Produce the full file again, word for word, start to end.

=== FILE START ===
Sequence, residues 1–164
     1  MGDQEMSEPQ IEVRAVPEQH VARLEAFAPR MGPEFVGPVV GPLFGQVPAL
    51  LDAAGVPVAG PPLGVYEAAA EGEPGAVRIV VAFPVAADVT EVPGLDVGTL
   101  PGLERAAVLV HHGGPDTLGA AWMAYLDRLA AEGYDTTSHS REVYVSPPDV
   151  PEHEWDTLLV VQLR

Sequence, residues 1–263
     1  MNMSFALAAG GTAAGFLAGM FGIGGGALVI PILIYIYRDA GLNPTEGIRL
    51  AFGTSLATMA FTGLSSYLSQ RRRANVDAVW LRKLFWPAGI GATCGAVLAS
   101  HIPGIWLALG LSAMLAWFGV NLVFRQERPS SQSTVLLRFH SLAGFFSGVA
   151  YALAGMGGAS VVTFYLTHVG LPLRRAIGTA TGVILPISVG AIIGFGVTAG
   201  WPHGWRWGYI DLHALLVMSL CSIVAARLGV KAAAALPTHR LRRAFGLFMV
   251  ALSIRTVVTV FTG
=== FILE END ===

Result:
Sequence, residues 1–164
     1  MGDQEMSEPQ IEVRAVPEQH VARLEAFAPR MGPEFVGPVV GPLFGQVPAL
    51  LDAAGVPVAG PPLGVYEAAA EGEPGAVRIV VAFPVAADVT EVPGLDVGTL
   101  PGLERAAVLV HHGGPDTLGA AWMAYLDRLA AEGYDTTSHS REVYVSPPDV
   151  PEHEWDTLLV VQLR

Sequence, residues 1–263
     1  MNMSFALAAG GTAAGFLAGM FGIGGGALVI PILIYIYRDA GLNPTEGIRL
    51  AFGTSLATMA FTGLSSYLSQ RRRANVDAVW LRKLFWPAGI GATCGAVLAS
   101  HIPGIWLALG LSAMLAWFGV NLVFRQERPS SQSTVLLRFH SLAGFFSGVA
   151  YALAGMGGAS VVTFYLTHVG LPLRRAIGTA TGVILPISVG AIIGFGVTAG
   201  WPHGWRWGYI DLHALLVMSL CSIVAARLGV KAAAALPTHR LRRAFGLFMV
   251  ALSIRTVVTV FTG